One of the more intriguing aspects of films that deal with the specific state of mind in the new century is how they incorporate the ever-changing use of technology into the narrative without becoming awkwardly connected to that specific time period, in a fashion that will make them horribly outdated in a few year's time simply for the fact that how we communicate has never before changed so rapidly in such a short period of time. Every little shift and move can now be expressed to a potentially huge audience within seconds - but how can this be incorporated into movies? How can movies tell stories about characters that are in a constant process of expressing themselves through technology? The Social Network
isn't really concerned with that question. The main point of that movie is that the (fictional version of) Mark Zuckerberg (Jesse Eisenberg) is an incredibly socially awkward person who has a keen understanding of how to involve people, how to create needs that haven't existed before, how to change the way people communicate with each other. I prefer the beginning of the movie to the end: in a brilliantly written scene (notably by a director who is good at creating meaningful action scenes), Mark creates a site that lets Harvard students rate the attractiveness of their female colleagues, describing in detail how he hacks the servers of their respective halls to get access to their pictures, while writing the usual mean drunk blabber about his ex-girlfriend (Rooney Mara, soon to become the American Lisbeth Salander) on his livejournal (as someone who actually remembers the internet before facebook and the almighty monopolist google, this part was particularly amusing to me). Aaron Sorkin has been critisized for his portrayal of Harvard elitism in this movie, and I am in no position to judge how accurate his depiction of the importance of final clubs is (which I did not even know existed, actually), but the point he is making still resonates: Mark Zuckerberg is obsessed with visible status. He is obsessed with membership, with the idea of belonging to something and being able to show that membership to everybody. We see facebook evolving from an elite club reserved for those fortunate enough to go to Harvard to a site open to everybody, but the core idea is still there: facebook makes connections visible, which is, on the one hand, a subversion of the idea of secret clubs and the subtle ties that help some people suceed, but still plays into the idea that the thing that makes us sucessful is the number and quality of our connections (facebook, after all, successfully shifts the meaning of "friend" to "someone I met once and would otherwise have lost touch with") to other people. While losing his only friend (Andrew Garfield) and gaining superficial acquaintances (Justin Timberlake, incredibly well-cast as someone who has come to fame and notoriety years before facebook existed).
, a long-delayed movie by Hideo Nakato, attempts something more ambitious than re-telling the story of a creation by trying to paint a picture of someone's specific inner life which fuelled it: it attempts to find a way to visualize the way we communicate on a screen (the size ranging from an iPhone to a large computer monitor) in a meaningful way, which it completely and stunningly succeeds in, and it tries to understand what happens when people who are mentally instable find ways to manipulate each other when a deceptive virtuality disconnects them from the immediate results of their manipulation. While the real world looks dreary, strange and cold, and human contact is complicated, the places created online seem interesting. They provide a platform to meet similar minded (or similarly alienated) people. William (Aaron Johnson) creates a space (which is literally one room on a dingy hall way of other rooms), and soon, a number of other random people who are only connected by the fact that they all live in Chelsea join him. The film subtly and intelligently reveals who they are in reality as opposed to how they present themselves online, how this platform, in some cases, provides a space to talk about their fears and to battle their inhibitions. All of them are damaged in a way: Emily (Hannah Murray) is forced to live in a conservative, upper middle class environment that frustrates and traps her. Eva (Imogen Poots) has friends she shares nothing with, who, under any other circumstances, she would not associate herself with. Jim (Matthew Beard) is terribly self-conscious and awkward around other people. Mo (Daniel Kaluuya) is in love with the eleven-year old sister of his best friend. William, who slowly reveals how manipulative he is and what his ultimate intentions are, has a way of creating an atmosphere in which others feel safe to reveal their secrets, their inner selves, and while he is failing in real life - frustrated by his family which prefers his "normal" and successful brother, with a history of mental illness - he soon becomes the leader, the person all of them seek out for help. Chatroom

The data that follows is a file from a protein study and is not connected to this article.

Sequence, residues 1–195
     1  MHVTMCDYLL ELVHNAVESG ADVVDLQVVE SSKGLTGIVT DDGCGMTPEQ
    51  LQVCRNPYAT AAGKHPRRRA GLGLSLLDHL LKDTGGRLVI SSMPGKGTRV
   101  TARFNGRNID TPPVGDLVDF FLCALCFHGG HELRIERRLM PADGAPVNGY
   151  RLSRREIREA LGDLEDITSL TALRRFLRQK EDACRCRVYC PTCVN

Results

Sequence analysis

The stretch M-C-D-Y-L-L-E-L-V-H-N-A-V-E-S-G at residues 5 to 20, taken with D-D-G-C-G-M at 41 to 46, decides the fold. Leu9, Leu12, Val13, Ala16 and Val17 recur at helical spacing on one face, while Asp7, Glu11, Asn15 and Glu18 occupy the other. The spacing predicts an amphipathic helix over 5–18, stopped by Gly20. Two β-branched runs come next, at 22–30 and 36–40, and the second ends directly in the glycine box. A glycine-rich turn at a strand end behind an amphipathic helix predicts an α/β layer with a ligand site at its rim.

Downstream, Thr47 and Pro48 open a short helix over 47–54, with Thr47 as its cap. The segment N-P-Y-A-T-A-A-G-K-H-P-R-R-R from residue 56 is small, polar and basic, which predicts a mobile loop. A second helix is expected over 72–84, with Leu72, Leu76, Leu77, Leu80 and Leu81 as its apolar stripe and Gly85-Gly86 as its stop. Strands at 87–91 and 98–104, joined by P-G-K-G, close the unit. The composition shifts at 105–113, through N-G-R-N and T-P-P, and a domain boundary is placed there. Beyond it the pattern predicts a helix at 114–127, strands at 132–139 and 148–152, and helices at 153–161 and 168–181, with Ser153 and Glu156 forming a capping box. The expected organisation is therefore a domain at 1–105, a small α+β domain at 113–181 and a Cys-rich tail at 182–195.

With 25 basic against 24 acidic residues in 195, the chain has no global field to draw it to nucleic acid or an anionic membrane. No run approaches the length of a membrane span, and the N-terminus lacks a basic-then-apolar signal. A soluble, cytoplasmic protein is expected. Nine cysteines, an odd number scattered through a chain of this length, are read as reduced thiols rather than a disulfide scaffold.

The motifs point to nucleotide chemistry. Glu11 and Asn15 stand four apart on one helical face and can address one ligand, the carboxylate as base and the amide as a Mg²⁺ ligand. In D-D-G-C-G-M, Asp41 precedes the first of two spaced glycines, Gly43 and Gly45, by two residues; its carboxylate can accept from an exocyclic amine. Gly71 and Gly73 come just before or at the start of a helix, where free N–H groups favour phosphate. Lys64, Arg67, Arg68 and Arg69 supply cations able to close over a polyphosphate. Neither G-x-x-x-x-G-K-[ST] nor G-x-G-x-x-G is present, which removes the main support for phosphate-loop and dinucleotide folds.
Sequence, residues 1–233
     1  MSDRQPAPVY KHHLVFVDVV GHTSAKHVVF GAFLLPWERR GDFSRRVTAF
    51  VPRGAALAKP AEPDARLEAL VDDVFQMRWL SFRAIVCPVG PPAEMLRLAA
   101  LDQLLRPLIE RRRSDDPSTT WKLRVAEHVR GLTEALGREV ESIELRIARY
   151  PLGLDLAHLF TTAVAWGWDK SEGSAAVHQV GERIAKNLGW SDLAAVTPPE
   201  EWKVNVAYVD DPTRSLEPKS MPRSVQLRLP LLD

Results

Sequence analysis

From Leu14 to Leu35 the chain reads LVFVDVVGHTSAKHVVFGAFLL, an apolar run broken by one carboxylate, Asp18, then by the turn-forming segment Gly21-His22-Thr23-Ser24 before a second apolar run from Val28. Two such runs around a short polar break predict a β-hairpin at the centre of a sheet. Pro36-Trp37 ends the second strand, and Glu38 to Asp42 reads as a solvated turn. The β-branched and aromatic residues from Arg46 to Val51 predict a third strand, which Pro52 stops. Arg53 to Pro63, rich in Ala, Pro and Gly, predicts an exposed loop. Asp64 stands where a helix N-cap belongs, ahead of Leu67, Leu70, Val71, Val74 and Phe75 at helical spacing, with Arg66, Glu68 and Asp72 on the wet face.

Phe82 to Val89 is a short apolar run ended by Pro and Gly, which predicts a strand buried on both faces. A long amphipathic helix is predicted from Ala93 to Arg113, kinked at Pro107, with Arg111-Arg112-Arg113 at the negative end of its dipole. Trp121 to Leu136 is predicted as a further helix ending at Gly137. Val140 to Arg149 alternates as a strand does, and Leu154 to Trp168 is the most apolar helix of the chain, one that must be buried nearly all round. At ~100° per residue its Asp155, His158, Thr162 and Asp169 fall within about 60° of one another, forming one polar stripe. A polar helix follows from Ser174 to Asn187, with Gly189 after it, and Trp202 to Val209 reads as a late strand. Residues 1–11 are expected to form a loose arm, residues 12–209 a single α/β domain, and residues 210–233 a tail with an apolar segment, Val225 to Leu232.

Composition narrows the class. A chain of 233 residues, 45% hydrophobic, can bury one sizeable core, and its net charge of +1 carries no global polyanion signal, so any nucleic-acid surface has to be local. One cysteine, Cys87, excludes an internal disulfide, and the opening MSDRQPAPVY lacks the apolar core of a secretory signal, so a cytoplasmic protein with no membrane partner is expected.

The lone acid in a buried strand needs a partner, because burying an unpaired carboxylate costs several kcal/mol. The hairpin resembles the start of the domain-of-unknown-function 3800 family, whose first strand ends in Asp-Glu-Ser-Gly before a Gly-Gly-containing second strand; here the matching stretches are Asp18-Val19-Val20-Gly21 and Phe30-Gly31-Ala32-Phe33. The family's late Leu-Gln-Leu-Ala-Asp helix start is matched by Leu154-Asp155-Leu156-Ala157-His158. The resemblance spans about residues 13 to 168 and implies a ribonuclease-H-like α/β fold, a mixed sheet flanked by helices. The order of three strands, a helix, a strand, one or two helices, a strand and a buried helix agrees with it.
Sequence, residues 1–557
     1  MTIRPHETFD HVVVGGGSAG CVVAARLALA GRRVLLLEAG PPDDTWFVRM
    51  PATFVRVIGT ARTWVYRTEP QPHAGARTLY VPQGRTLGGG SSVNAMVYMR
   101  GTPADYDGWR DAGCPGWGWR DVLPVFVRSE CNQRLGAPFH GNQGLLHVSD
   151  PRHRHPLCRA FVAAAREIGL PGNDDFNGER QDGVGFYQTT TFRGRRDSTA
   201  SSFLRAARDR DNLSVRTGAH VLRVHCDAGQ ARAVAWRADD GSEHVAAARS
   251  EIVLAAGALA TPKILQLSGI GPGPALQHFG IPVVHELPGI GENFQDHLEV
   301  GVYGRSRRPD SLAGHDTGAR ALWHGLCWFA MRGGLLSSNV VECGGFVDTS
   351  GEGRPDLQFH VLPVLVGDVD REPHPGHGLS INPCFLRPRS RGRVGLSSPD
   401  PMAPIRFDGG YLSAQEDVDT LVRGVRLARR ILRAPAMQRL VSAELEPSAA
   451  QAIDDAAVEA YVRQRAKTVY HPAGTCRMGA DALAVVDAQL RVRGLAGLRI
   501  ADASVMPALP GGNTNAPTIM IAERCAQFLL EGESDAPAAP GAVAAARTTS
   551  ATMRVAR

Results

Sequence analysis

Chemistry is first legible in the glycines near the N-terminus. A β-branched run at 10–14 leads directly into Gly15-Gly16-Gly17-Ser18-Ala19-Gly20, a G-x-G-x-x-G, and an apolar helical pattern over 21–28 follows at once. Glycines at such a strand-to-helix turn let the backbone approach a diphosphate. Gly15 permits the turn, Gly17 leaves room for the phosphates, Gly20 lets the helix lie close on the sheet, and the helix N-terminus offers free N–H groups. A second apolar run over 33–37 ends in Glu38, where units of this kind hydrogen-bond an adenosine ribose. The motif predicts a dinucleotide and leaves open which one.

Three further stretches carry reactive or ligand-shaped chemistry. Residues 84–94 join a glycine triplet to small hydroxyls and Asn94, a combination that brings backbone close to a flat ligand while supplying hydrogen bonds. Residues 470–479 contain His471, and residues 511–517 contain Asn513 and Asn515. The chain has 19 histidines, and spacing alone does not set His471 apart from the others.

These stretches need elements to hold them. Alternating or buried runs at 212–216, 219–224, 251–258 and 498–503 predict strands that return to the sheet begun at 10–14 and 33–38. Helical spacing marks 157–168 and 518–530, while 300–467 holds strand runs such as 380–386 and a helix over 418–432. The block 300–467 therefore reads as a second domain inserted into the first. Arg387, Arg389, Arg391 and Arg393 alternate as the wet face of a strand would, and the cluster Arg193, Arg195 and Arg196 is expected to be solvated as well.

ultimately argues that there is an inherent danger in the way people communicate online: this willingness to reveal their inner selves to strangers - and that creating these spaces to avoid dealing with reality can lead to catastrophes. On the other hand, there is also a sense that, even after the shocking finale, some of these connections are meaningful and vital to the identity of those who make them. Chatroom (2010), directed by Hideo Nakato, featuring Aaron Johnson, Imogen Poots, Matthew Beard, Hannah Murray, Daniel Kaluuya, Megan Dodds, Michelle Fairley.
The Social Network (2010), directed by David Fincher, featuring Jesse Eisenberg, Andrew Garfield, Justin Timberlake, Rooney Mara, Rashida Jones, Armie Hammer.
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